The cast and crew of Comedy Bang! Bang! go a little mad (we all go a little mad sometimes) creating “Tegan And Sara Wear Leather Jackets And Skinny Jeans,” and I love it to death. From performances and direction (by frequent Comedy Bang! Bang! director Stoney Sharp) to graphics, music, props, and lighting, everything works together to make this Hitchcockian pastiche rich and strange, starting with the glorious title sequence.
It looks like Scott Aukerman’s gone a little mad himself—maybe just from boredom, since he’s immobilized with his leg in a cast. When crew members chip in to buy him a pair of binoculars to pass the time, he becomes obsessed with the new intern, Raymond (Michael “Mookie” Blaiklock). Admittedly, Raymond is kind of awful, with his unconscious sneer and his hunched posture and his condescending advice and the way his shoes squeak on the studio floor and his wet sniffle “and that voice, don’t get me started on his voice.”
No one else understands why Scott’s so suspicious of Raymond. “Weird Al” tells him, “Everybody loves that young man!”
But not Scott. “That Raymond just creeps me out. I just think he’s a real psycho…otic person.” When Mitch (Mike Mitchell) has been missing for 90 seconds, it can only mean one thing: Raymond murdered Mitch! There’s no other explanation! (Al disagrees: “There are so many explanations.”)
While Scott’s looking into a murder, Tegan And Sara resolve a mystery for viewers. Inspired by Carly Simon revealing the subject of “You’re So Vain,” they divulge which ghost is the subject of “Walking With A Ghost.” It’s not, as Scott imagined, Casper The Friendly Ghost or even Hamlet’s dad. It’s not Patrick Swayze from Ghost. “Nor is it about Inky, Blinky, Pinky, or Clyde,” Sara says. Nope. In unison, they announce that “Walking With A Ghost” is about Slimer. It’s an appropriately spooky subject for a horror-tinged episode, and the Quin sisters’ dry, droll affect fits well into Comedy Bang! Bang! They’re unflappable in the face of Scott’s questions and his new obsession alike.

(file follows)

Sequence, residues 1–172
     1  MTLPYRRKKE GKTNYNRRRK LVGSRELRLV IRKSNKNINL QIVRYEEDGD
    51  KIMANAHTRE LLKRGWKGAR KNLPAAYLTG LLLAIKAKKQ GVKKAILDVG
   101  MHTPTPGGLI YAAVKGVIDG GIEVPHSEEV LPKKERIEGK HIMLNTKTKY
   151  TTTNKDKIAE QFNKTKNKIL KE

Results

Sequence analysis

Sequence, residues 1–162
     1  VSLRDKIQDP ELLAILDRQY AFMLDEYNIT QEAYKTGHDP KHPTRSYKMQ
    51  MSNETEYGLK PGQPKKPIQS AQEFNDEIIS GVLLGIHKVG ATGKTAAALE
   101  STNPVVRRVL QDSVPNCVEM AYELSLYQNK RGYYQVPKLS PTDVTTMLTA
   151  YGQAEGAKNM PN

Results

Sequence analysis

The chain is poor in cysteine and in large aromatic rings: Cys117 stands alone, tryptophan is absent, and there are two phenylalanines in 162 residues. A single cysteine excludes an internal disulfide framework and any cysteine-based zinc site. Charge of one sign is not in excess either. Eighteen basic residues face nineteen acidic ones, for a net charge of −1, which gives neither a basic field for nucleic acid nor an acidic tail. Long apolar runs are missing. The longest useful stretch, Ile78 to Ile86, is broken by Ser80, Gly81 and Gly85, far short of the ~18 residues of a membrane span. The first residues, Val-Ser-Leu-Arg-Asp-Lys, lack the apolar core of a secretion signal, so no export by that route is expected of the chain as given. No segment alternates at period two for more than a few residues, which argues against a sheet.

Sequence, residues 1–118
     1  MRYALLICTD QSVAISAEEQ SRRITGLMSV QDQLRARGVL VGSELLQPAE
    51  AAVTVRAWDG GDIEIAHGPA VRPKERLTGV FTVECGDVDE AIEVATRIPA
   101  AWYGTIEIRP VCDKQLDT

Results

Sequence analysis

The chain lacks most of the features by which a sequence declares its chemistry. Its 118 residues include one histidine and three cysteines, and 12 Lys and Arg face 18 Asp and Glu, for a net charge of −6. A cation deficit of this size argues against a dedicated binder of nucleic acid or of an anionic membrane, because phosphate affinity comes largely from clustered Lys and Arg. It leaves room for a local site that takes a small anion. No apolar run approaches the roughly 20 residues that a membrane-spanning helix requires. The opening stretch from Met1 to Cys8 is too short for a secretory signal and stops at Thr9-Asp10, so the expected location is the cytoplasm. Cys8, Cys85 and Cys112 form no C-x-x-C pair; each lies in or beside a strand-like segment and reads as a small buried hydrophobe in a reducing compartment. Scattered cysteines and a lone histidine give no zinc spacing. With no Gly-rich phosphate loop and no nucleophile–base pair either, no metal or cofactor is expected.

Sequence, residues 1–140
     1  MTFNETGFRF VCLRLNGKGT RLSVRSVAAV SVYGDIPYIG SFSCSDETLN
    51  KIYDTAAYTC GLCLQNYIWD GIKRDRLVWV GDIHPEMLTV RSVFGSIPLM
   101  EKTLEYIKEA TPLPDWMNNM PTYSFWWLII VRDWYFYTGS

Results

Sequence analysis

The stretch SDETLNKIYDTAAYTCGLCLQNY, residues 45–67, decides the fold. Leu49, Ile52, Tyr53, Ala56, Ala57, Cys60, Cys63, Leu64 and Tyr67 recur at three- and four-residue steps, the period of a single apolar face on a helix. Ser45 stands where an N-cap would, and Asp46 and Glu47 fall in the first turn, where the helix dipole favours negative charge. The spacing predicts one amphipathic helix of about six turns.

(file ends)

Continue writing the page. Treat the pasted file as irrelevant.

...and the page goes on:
Did I say unflappable? Well, anyone could get flapped by Fourvel. His skittering entrance puts everyone on edge, and they don’t really calm down even after he alights on the sofa. Nor should they; sometimes he gets a little stabby. As Fourvel, Bobby Moynihan walks a knife’s edge (or, in this case, sits on a knife’s edge) between pitiable urchin and unhinged assailant. His peculiarities of enunciation and his sudden bursts into brutality always bring a jittery energy to the show. But my favorite aspect of this segment is his exasperated ramble at Scott as her demonstrates how a host should behave. “Jesus! ‘Hello, how are you, Scott?’ ‘Great, it’s good to see you, thank you for being a guest on my show.’”
Rear Window inspires the plot of “Tegan And Sara Wear Leather Jackets And Skinny Jeans” and Scott name-checks Psycho in the opening, but the episode is jam-packed with Hitchcock references. The title cards touch on Vertigo, The Birds, and North By Northwest. The rooftop concert is an homage to The Birds, but the orchestral performance nods to the 1956 version of The Man Who Knew Too Much. The Herrmann-esque music throughout the episode is reminiscent not just of Psycho, but of other collaborations between composer and director. And the grubby appeal of voyeurism, which Scott succumbs to, is at the heart of many, many Hitchcock films.